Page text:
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Top U.S. and Chinese officials will convene this week in Washington for the first round of cyber security talks following the signing of a bilateral anti-hacking accord in September.
China's Public Security Minister Guo Shengkun is in Washington through Sunday and will meet U.S. Secretary of Homeland Security Jeh Johnson, Chinese state media reported. U.S. Attorney General Loretta Lynch is also expected to take part in the discussions.
The talks on Tuesday and Wednesday are seen as potentially significant in establishing acceptable norms for cyber espionage. It also marks an ongoing effort to repair bilateral relations after China withdrew from a working group last year in response to the U.S. indictment of five members of its military on charges it hacked six U.S. companies.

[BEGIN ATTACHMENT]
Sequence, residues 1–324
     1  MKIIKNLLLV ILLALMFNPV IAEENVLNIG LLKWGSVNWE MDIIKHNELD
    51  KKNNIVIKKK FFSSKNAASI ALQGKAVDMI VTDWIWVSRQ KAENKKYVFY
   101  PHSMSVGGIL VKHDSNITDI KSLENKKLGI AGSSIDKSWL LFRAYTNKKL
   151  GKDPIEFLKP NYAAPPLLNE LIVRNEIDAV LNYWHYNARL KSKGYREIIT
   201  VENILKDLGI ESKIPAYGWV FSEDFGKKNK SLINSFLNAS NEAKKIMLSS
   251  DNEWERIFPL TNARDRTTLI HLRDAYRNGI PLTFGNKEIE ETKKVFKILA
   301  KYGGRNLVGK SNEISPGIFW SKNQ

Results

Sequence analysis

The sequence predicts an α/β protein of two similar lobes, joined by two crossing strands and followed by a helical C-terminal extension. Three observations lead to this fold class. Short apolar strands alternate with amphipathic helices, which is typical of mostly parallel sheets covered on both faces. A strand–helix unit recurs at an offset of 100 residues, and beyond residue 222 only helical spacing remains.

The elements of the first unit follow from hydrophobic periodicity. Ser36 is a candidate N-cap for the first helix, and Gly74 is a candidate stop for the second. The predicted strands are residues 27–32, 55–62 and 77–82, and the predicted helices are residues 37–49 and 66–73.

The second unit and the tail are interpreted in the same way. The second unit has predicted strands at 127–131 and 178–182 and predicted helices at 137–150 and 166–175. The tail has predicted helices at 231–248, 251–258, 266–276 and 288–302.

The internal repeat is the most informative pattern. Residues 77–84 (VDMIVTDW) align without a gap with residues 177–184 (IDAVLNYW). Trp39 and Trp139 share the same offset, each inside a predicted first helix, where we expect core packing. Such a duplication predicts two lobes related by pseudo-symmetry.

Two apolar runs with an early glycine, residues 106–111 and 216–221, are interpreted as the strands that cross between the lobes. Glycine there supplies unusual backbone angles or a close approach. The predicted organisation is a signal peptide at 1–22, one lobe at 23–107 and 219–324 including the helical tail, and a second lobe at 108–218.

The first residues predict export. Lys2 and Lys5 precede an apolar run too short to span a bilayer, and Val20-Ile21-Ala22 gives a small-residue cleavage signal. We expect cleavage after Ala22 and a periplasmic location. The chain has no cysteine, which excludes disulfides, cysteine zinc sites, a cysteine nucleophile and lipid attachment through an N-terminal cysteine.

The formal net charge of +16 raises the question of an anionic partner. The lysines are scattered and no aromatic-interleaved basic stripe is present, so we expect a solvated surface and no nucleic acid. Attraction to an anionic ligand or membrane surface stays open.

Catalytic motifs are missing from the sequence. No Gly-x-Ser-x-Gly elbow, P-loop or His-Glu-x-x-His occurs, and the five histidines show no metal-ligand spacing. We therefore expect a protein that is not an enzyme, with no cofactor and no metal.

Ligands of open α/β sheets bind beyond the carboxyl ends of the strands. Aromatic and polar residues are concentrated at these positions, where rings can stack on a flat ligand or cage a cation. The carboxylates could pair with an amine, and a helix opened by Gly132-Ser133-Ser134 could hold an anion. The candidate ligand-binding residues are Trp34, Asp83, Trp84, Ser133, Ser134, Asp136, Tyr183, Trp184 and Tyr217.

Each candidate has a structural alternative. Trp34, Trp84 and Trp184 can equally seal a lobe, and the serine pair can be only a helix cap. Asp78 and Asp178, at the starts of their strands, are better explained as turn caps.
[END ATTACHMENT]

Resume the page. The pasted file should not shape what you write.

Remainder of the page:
Cyber security has long been an irritant in relations between China and the United States, despite robust economic ties worth $590 billion in two-way trade last year.
The September agreement, brokered during Chinese President Xi Jinping's official state visit to Washington, included a pledge that neither country would knowingly carry out hacking for commercial advantages.
The pact also underscored a long-standing but unspoken agreement among many countries that hacking in pursuit of traditional espionage purposes is fair game, but infiltrating private sector computer systems for economic gain should be prohibited.